Former Mayor Ed Koch attends the renaming of New York City's Queensboro Bridge in his honor on May 19, 2011. (Photo: JP Yim/Getty Images)
Former New York City Mayor Ed Koch, who led the Big Apple through stormy times in the late 1970s and '80s, died of congestive heart failure Friday morning at the age of 88.
Koch ruled New York from 1978 to 1989 with a blunt, candid style that both impressed and alienated swaths of New Yorkers. He's widely credited not just with reviving the city's downtrodden economy, but with helping it prosper to a degree not seen in decades.
"He was a great mayor, a great man, and a great friend," current New York Mayor Michael Bloomberg said in a statement Friday. "In elected office and as a private citizen, he was our most tireless, fearless, and guileless civic crusader. Through his tough, determined leadership and responsible fiscal stewardship, Ed helped lift the city out of its darkest days and set it on course for an incredible comeback."
At the same time, however, Koch became increasingly polarizing as his tenure wore on, plagued by scandals over corruption, race relations, homelessness and crime. He was ultimately defeated in the 1989 Democratic primary by David Dinkins, denying him the chance for a record fourth term in office. But he remained active in the public spotlight for the next two decades, from advising civic leaders and penning op-eds to hosting two seasons of "The People's Court" and writing online movie reviews.
Koch's largest claim to fame may be his role in New York's economic revival, yet he had no shortage of opinions on a wide range of issues — including many related to energy and the environment. He was an outspoken advocate for unleaded gasoline in the early 1970s, for example, when he was still a U.S. lawmaker from New York's 17th congressional district. A news photo taken near the Midtown Tunnel entrance in 1970 shows Koch holding a placard that reads "Get rid of the lead. Keep the air clean. Let the sunshine in."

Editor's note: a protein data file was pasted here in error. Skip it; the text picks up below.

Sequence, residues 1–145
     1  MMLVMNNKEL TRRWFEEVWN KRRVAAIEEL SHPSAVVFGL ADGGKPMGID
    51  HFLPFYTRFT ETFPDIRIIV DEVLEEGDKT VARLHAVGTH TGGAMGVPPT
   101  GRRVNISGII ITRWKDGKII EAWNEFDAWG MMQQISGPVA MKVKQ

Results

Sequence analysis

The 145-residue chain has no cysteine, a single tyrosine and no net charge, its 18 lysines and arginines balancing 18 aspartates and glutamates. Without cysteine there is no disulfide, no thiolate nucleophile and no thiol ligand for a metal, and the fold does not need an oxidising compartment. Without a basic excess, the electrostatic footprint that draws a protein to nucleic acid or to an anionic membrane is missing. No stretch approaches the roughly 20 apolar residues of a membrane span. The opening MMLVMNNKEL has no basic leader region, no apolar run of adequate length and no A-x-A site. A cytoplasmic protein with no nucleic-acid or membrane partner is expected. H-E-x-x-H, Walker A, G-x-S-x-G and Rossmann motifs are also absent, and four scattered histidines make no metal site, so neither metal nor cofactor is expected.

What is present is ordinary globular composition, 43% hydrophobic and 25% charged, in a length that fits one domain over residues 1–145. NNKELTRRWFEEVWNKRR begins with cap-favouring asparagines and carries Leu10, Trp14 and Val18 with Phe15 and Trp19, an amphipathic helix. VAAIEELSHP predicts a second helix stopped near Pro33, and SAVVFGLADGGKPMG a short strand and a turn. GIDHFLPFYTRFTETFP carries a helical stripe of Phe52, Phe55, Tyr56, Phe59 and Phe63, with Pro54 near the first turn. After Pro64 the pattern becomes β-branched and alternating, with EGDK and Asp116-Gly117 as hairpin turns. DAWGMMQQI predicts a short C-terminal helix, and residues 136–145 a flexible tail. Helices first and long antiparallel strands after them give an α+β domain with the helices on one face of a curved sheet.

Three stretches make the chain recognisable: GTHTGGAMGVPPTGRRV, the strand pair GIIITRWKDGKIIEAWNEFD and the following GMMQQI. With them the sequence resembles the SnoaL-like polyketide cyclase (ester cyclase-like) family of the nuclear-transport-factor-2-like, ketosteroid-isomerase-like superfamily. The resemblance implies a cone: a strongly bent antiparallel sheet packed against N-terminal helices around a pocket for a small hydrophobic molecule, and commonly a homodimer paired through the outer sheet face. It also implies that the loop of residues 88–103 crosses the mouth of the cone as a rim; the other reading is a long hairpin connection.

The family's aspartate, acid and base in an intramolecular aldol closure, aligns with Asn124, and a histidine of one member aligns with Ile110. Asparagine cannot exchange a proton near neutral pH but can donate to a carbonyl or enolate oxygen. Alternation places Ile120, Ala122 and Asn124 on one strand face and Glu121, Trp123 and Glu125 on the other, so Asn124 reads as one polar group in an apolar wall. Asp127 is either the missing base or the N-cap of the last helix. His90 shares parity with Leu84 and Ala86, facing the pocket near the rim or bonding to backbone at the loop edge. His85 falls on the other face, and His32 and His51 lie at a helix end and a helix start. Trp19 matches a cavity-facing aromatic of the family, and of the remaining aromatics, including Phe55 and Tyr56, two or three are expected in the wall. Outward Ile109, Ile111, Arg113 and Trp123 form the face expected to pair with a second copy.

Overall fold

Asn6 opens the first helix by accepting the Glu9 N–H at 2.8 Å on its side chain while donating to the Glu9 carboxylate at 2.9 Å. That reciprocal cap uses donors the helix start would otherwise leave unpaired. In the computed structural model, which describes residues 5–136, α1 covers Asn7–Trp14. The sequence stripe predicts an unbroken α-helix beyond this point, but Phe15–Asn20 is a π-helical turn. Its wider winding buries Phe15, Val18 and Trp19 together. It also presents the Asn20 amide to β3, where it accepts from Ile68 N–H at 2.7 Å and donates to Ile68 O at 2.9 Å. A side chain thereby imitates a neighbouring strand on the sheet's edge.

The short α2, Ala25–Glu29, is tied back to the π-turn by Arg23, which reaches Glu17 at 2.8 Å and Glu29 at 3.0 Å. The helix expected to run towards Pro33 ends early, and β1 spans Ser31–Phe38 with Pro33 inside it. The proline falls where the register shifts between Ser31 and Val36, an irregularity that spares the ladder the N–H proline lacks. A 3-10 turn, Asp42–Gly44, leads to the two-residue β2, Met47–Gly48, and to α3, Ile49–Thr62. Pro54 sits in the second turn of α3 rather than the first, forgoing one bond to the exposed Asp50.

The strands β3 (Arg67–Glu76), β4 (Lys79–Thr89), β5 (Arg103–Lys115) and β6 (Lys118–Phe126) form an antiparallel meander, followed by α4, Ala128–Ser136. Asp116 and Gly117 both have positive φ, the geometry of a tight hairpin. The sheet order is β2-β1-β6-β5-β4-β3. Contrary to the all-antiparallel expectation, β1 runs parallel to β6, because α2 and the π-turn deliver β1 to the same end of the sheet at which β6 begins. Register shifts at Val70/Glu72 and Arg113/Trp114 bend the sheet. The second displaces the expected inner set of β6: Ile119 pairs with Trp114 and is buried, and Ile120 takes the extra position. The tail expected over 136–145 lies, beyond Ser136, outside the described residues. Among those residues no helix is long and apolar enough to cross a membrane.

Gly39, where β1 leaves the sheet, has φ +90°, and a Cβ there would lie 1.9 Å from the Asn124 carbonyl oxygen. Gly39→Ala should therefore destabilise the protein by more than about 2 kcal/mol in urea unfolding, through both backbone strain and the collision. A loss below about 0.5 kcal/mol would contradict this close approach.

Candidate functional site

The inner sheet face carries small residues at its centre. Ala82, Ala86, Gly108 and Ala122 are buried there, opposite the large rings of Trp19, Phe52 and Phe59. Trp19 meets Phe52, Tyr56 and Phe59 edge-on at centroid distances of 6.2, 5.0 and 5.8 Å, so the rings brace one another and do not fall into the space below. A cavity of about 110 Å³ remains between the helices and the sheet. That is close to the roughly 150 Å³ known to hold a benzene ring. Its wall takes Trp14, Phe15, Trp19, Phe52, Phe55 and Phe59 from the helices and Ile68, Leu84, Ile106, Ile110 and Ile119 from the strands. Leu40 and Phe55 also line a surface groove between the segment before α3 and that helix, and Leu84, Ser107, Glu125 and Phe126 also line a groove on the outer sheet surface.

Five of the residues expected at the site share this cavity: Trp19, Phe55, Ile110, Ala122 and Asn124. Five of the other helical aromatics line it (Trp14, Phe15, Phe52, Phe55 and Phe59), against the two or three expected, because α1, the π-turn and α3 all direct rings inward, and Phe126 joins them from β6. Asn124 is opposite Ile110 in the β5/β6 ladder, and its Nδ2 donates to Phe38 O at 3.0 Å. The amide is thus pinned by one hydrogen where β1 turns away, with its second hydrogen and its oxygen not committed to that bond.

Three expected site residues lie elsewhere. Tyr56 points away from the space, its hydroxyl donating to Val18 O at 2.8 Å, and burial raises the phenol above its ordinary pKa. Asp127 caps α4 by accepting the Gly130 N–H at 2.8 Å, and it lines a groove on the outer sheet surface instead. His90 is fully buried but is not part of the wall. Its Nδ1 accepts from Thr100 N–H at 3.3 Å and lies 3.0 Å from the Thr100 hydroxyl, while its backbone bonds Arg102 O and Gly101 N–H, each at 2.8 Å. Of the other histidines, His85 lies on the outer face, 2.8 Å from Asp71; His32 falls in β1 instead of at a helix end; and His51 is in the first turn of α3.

While in Congress, Koch developed a reputation as a pragmatic liberal who could collaborate with conservatives. He supported solar energy research during his tenure on Capitol Hill, as well as other progressive priorities such as public transportation and consumer protection. Although he drifted more to the right as New York's mayor, he continued to push for better air quality and other public-health concerns. At a 1989 commissioning ceremony for two new Brooklyn buses than ran on compressed natural gas, he added his personal flair by holding a white handkerchief up to one of the vehicle's tailpipes, showing the crowd that exhaust passing through didn't leave a stain.
Koch continued to weigh in on such issues after leaving politics, often in the form of online op-eds. He became critical of nuclear power in recent years, for example, largely due to the March 2011 crisis at Japan's Fukushima Daiichi nuclear plant. Writing a month later in the Huffington Post, he advocated for the appointment of a U.S. energy czar, who he said could help the country reduce its oil reliance while also protecting it from nuclear disasters. In another column last summer, he argued that New York's Indian Point nuclear power plant should be shuttered, writing that "closing Indian Point would be the best thing we can do for New York." And last January, he called on Congress to "show intelligence and courage" by ending federal subsidies to oil companies.
A funeral service will be held Monday. Koch told the New York Times in 2008 that he had secured a burial place at Manhattan's Trinity Cemetery, explaining that "The idea of leaving Manhattan permanently irritates me."
To hear more about Koch's life and career from the man himself, check out this newly released New York Times video:
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